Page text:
Europe throws down the gauntlet in All Blacks absence

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James Mortimer     02 Dec 2014     Getty Images

To think, if New Zealand had played a Test this past weekend, it would have likely been against Ireland, on current form the best team in Europe.

Joe Schmidt’s side have calmly registered a seven match winning streak that includes heady victories over the Springboks and Wallabies, the first time since 2006 the Irish have taken double senior SANZAR scalps in an autumn campaign.

While Kiwi fans might throw their jerseys up in the air in protest, in Jonathan Sexton the Six Nations champions have perhaps have the best in-game management first five-eighth going around (based on current form mind), but it is their pack that has been fearsome.

In what is wonderful news for Hurricanes fans, John Plumtree’s influence is all over the Ireland forwards, clearing breakdowns from deep, and often neglecting wide stationing of the big men – the All Blacks preference – to flood the seas of the ruck with green.

Considering that on occasion some Irish players might jolt upright in the darkness of night in a cold sweat thinking about November 24 in 2013 (that comeback and that second kicked goal), a rendezvous with the World Champions is eagerly awaited.

Somewhat deliciously, or disappointingly pending on your stance, the best in the North did not cross paths with the best in the South.

Ireland, like New Zealand, sat out action over the weekend.

While Wales and England showed what a bit of attitude can do, ending their November operations on a high note.

Warren Gatland and his Red Dragons haven’t exactly been breathing fire on the field of late, but a siege mentality in the week before, highlighted by media conferences where the word angry came to mind often, seems to have done the trick.

This was a hard Welsh side that withstood the Springboks collisions but more importantly came of age as an 80 minute team.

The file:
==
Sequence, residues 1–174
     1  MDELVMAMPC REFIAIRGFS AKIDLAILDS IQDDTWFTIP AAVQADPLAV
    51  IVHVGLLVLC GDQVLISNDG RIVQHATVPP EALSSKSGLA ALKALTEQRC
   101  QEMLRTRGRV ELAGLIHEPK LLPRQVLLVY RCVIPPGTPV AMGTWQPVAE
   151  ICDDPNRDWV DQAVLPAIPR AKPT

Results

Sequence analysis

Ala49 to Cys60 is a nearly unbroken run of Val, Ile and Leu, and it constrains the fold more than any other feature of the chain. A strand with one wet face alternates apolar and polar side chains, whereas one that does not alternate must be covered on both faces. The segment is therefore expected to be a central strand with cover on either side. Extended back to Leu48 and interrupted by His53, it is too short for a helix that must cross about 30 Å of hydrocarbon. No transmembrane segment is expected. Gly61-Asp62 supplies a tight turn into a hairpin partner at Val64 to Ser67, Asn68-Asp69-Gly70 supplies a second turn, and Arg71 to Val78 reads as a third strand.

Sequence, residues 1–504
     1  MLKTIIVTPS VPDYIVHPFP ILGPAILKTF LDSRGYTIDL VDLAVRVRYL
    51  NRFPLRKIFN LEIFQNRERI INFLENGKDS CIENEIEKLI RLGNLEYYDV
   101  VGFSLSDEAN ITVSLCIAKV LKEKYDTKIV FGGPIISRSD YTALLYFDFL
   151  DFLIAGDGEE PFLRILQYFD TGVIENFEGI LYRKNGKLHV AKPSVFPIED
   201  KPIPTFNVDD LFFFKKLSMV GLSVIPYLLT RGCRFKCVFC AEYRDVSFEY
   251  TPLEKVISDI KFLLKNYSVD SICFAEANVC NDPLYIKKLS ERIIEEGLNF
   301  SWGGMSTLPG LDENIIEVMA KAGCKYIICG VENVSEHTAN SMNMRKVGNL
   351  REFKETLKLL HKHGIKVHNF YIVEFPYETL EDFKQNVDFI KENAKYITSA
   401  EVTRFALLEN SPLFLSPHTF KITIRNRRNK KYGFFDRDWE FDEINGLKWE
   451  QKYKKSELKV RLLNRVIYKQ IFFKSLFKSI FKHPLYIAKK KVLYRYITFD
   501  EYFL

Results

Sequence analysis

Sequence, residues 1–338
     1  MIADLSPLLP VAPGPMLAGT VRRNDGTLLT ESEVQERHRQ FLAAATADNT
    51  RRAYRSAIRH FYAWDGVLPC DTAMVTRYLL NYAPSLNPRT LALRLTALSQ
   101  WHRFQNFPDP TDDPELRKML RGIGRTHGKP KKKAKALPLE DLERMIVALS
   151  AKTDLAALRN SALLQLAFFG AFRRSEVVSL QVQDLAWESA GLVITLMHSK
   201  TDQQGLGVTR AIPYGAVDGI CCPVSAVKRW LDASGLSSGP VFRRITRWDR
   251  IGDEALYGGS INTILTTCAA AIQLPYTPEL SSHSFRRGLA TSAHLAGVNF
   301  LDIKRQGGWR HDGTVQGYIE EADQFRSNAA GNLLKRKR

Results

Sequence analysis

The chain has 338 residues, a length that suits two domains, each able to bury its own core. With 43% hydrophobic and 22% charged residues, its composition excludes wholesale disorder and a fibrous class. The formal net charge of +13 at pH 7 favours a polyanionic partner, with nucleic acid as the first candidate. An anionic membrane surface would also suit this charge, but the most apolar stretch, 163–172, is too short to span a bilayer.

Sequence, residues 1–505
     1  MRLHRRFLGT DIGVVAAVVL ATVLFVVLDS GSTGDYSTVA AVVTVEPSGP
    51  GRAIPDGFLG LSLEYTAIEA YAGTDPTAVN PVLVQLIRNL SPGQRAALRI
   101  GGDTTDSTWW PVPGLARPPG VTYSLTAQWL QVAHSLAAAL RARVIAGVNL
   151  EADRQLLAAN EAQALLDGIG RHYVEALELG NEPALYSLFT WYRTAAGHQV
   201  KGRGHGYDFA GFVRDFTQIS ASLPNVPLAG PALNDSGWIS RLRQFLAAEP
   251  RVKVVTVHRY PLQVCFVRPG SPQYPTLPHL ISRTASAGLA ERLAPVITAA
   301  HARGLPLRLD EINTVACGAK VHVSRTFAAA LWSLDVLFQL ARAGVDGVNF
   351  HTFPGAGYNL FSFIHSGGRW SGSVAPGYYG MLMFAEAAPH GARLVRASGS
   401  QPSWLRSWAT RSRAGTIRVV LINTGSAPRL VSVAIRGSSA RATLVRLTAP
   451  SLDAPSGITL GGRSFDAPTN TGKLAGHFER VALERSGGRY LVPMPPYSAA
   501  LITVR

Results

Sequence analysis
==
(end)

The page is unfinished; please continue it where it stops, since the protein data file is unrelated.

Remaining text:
It is difficult to remember a side wearing Wales red talking so much in the dying minutes, a group of proud players full of determination to avoid the heartbreak of another close defeat.

England were a little more direct, using their forwards to batter the Wallabies into submission, although it was notable that the Australian cavalry out wide had too much sophistication at times and threatened to take the game.

This will be of some comfort for Steve Hansen and his selectors.

The head coach knows his forward pack didn’t cut a swathe through Europe, and there will be a wariness when the season post-mortem is completed that breakdown dominance will need to be improved considering the hunger of the European teams to scrap.

Yet the All Blacks backline, man for man, looks to be the best in the business.

However even the polish and threat of the World Champions back division hasn’t been able to constantly blow teams apart, even if they usually are behind the moments that define the winning and losing of a match.

Led by the Irish, the old continent has made a grand statement prior to the eighth quadrennial tournament in 2015.

All North versus South Test matches in Europe over November saw the ledger tied at 13-13.

For tier one opposition, it was nine to the North, six to the South.

The Six Nations is the next senior competition, giving their nations ample time to continue to refine, while below the equator Investec Super Rugby is on the menu, while Southern Test coaches plan their assault.

One thing is for certain.

If the All Blacks top their pool at next year’s World Cup, they will face Ireland or France, disputably the top two Northern nations over the last month, in the quarter-finals.

The prologue has now been written.

Now for the main course.